Supreme Court will rule today on if Google should face £3bn legal action that could force it to pay 4.4million British iPhone users £750 each for ‘secretly tracking their internet use’

  • The UK Supreme Court to rule today on £3billion Google legal action 
  • Google is accused of secretly tracking UK iPhone users’ internet activity  
  • Ex-Which? director Richard Lloyd wants to bring action against the tech giant
  • He claims Google ‘illegally misused’ data’ through the ‘Safari workaround’
  • Google’s lawyers insist there is no suggestion the so-called workaround resulted in any information being disclosed to third parties

The UK’s highest court will rule today on whether a billion-pound legal action against Google over allegations it secretly tracked millions of iPhone users’ internet activity should be allowed to go ahead.

Former Which? director Richard Lloyd, supported by the campaign group Google You Owe Us, wants to bring a ‘representative action’ against the tech giant on behalf of 4.4 million people in England and Wales.

He claims Google ‘illegally misused the data of millions of iPhone users’, through the ‘clandestine tracking and collation’ of information about internet usage on iPhones’ Safari browser, known as the ‘Safari workaround’. 

Mr Lloyd and Google You Owe Us hope to win up to £3billion in compensation for alleged breaches of the Data Protection Act that could force the company to pay each British iPhone user £750. 

Google’s lawyers insist there is no suggestion the so-called workaround resulted in any information being disclosed to third parties. 

In 2018, the High Court ruled that Mr Lloyd could not serve the claim on Google outside the jurisdiction of England and Wales, but that decision was overturned by the Court of Appeal in October 2019.

Google challenged the Court of Appeal’s judgment at a hearing in April and a panel of five Supreme Court justices will give their ruling on the case this morning.

The UK’s highest court will rule today on whether a billion-pound legal action against Google over allegations it secretly tracked millions of iPhone users’ internet activity should be allowed to go ahead. Pictured, the Googleplex in California

Google’s lawyers argued that the landmark ruling could ‘open the floodgates’ to vast claims brought on behalf of millions of people against companies responsible for handling people’s data. 

Antony White QC told the Supreme Court that ‘a number of substantial representative actions have been commenced seeking compensation for breach of data protection rights’ since the Court of Appeal’s judgment.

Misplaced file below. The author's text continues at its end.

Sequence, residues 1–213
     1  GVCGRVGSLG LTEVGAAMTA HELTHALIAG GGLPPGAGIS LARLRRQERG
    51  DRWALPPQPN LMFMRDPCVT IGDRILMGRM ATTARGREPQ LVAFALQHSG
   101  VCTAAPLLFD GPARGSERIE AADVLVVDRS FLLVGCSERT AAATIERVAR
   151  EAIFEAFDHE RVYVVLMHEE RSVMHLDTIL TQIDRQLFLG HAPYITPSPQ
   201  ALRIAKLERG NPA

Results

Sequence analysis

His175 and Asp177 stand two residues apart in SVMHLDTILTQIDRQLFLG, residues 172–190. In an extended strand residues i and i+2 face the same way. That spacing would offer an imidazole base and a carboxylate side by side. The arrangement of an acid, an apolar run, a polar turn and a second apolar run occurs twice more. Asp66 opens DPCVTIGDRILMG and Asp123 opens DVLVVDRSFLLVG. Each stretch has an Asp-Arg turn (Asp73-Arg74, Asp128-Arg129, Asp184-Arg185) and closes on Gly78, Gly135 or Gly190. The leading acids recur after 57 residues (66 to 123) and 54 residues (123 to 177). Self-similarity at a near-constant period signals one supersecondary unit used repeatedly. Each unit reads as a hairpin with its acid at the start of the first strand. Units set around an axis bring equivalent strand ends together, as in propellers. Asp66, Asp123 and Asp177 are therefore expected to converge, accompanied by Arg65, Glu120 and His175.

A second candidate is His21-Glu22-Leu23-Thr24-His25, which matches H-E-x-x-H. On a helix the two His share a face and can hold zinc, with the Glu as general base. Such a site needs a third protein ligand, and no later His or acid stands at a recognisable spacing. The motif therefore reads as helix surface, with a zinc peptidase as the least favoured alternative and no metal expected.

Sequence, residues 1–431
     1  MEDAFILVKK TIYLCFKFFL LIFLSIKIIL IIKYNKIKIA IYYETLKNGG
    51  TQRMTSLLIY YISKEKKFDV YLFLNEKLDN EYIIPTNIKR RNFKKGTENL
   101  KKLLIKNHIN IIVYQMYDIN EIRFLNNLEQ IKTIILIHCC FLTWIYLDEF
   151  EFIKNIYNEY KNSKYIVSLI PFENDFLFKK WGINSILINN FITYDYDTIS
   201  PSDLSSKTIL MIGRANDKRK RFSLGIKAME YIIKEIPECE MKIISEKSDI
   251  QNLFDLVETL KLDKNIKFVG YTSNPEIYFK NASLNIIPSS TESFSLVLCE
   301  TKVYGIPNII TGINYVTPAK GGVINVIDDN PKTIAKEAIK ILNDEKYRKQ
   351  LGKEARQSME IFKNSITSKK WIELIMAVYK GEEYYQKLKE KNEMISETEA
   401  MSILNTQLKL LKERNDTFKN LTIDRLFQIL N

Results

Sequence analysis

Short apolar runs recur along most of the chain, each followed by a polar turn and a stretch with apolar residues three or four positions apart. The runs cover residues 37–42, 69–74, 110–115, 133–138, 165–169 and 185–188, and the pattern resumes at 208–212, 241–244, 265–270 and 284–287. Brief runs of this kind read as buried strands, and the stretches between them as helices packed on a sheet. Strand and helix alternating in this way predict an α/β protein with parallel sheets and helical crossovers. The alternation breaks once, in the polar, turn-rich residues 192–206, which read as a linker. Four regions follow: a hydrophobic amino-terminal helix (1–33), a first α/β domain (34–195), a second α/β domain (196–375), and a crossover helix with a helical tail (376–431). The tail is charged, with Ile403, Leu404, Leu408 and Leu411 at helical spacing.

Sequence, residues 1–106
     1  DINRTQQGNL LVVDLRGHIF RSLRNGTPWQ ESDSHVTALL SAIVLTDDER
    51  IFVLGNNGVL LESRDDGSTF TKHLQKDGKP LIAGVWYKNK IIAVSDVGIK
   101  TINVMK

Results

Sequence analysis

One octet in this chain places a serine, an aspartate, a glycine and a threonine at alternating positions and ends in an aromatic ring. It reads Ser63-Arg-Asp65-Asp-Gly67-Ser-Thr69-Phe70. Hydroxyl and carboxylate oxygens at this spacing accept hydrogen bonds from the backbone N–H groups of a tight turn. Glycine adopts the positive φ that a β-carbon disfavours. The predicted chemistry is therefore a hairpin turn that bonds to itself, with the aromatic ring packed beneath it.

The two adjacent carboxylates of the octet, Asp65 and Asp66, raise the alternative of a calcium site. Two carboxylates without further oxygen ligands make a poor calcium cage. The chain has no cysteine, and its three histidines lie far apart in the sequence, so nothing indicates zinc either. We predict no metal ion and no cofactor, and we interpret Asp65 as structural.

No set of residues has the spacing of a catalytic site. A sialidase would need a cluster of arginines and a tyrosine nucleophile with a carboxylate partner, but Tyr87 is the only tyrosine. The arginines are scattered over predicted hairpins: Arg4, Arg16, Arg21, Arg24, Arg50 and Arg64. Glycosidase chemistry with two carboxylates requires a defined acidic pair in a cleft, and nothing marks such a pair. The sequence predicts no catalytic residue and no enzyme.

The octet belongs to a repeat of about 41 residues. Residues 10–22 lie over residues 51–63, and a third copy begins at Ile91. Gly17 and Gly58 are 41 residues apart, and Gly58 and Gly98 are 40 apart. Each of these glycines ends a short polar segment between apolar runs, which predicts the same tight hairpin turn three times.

Mr White said allowing such claims to be brought could have ‘profound and far-reaching implications across all civil litigation’.

He argued that, under data protection laws, ‘compensation is only available for ‘damage’ suffered as a consequence of the (data) breach, and not for the breach itself’.

Mr White added that ‘the technical matters which gave rise to the ‘Safari workaround’ were rectified many years ago’.

The barrister also said that ‘the true purpose’ of Mr Lloyd’s proposed claim was ‘to pursue a high-profile public campaign for ‘accountability’ against Google, rather than to obtain redress’ for any data breaches.

Former Which? director Richard Lloyd, supported by the campaign group Google You Owe Us, wants to bring a ‘representative action’ against the tech giant on behalf of 4.4 million people in England and Wales

Google challenged the Court of Appeal’s judgment at a hearing in April and a panel of five Supreme Court justices will give their ruling on the case this morning

Hugh Tomlinson QC, representing Mr Lloyd, said: ‘The fundamental question in this case is whether the courts can provide access to justice and, potentially, a remedy in cases where a very large number of people are affected by breaches of their data protection rights.’

Mr Tomlinson added that the millions of proposed claimants would ‘not have access to justice’ if Mr Lloyd’s claim was not allowed to go ahead.

He argued that ‘the existing state of society, with the mass trade in personal data, requires the court to adapt its practice and course of proceedings to allow the victims of large-scale data breaches access to remedies’.

Mr Tomlinson said doing so would provide the proposed claimants represented by Mr Lloyd ‘with access to justice and a remedy which would otherwise be entirely absent’.

Google You Owe Us and Mr Lloyd claim Google bypassed privacy settings on Apple iPhone handsets between August 2011 and February 2012 and used the data gathered to divide people into categories for advertisers.

They say ‘browser-generated information’ collected by Google included racial or ethnic origin, physical and mental heath, political affiliations or opinions, sexual interests and social class. 

Jamie Curle, a partner at law firm DLA Piper, described the judgment as ‘one of the most eagerly awaited decisions of recent years’.

He added that it would have ‘a significant impact on the volume and nature of litigation in the data privacy arena’. 

The Supreme Court judges will deliver their ruling at 9.45am.

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